Friday, July 11, 2014

Hands On Work Has Value

Our recent tropical storm has got me thinking about people who know how to actually do things. I have always appreciated  the plumber or the electrician and the carpenter who can make, fix or rebuild stuff for the rest of us who cannot do that. We have had a long period of time where these jobs have been shunted aside for tech jobs, lawyers, doctors, teachers etc. We devalue these skills until we desperately need someone to take care of us. I do put doctors in both camps since I am in awe of someone who knows how to fix a person. I really would like to be able to do that.

The 911 bombing in the US brought firefighters and what they do to the forefront almost to the exclusion of the other helpers like police and EMT personnel. I watched all the footage during that time and have continued to have a great deal of respect for what the firefighters can and are willing to do.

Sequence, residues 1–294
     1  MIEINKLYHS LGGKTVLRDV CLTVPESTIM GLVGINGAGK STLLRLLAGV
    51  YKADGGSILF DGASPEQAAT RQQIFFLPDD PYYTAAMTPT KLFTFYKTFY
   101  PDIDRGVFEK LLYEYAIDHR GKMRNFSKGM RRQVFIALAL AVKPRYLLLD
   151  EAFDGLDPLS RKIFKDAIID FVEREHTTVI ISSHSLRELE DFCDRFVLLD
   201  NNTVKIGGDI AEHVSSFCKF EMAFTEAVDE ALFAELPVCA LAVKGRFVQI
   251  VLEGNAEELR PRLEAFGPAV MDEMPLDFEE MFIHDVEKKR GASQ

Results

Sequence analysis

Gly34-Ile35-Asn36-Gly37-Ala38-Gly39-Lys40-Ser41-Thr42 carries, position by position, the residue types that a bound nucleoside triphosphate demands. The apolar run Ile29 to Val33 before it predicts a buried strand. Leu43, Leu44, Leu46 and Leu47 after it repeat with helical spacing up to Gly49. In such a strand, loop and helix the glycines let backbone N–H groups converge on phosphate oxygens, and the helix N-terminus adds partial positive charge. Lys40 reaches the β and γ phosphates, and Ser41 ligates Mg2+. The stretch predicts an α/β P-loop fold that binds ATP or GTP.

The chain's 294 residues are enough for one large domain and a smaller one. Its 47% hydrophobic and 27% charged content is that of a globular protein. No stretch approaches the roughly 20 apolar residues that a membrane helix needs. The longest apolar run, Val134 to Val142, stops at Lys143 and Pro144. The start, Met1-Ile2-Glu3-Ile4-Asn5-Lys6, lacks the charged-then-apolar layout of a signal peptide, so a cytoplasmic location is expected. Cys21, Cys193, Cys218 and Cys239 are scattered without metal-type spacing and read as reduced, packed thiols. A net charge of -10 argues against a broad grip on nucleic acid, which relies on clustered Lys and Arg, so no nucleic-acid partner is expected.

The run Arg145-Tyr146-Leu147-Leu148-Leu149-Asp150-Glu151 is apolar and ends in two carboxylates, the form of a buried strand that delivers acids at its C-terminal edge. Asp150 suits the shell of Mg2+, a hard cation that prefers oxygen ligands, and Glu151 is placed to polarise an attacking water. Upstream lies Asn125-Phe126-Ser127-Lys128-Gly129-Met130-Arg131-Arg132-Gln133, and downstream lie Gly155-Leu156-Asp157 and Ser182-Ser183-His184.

As a little girl the fire siren used to terrify me. Now I stop and think "good someone is getting help."

After the war in Afghanistan started to take our young men and women we show a much greater respect for our soldiers. I am not an advocate for war but I feel reassured living close to a military base where there are people  trained to assist in natural disasters. People who know how to do things that need to be done to keep us all safe.

We had a gunman on the loose in Moncton last month and our RCMP officers responded. Three of them were killed trying to apprehend this man. Going to work every day expecting that you may be giving your life to protect others is far from what most of us even think about.

Now we are in the clean up stages of the tropical storm. One that was worse than any we have had before but certainly not of the magnitude felt in the Southern US or further south. I started to think about who the people are that we have to rely on during a weather event such as this one. We certainly rely on our firefighters, our police and our military if they are called upon.

But I soon realized that we needed our linesmen and our tree cutters. Two groups of people who do stuff that most of the rest of us cannot do.

I believe that we can have advances in technology that are important to our lives but unless we have people who know how to actually do stuff this technology is not much help. It is time we acknowledge the expertise and bravery that is required to do all of these jobs. 

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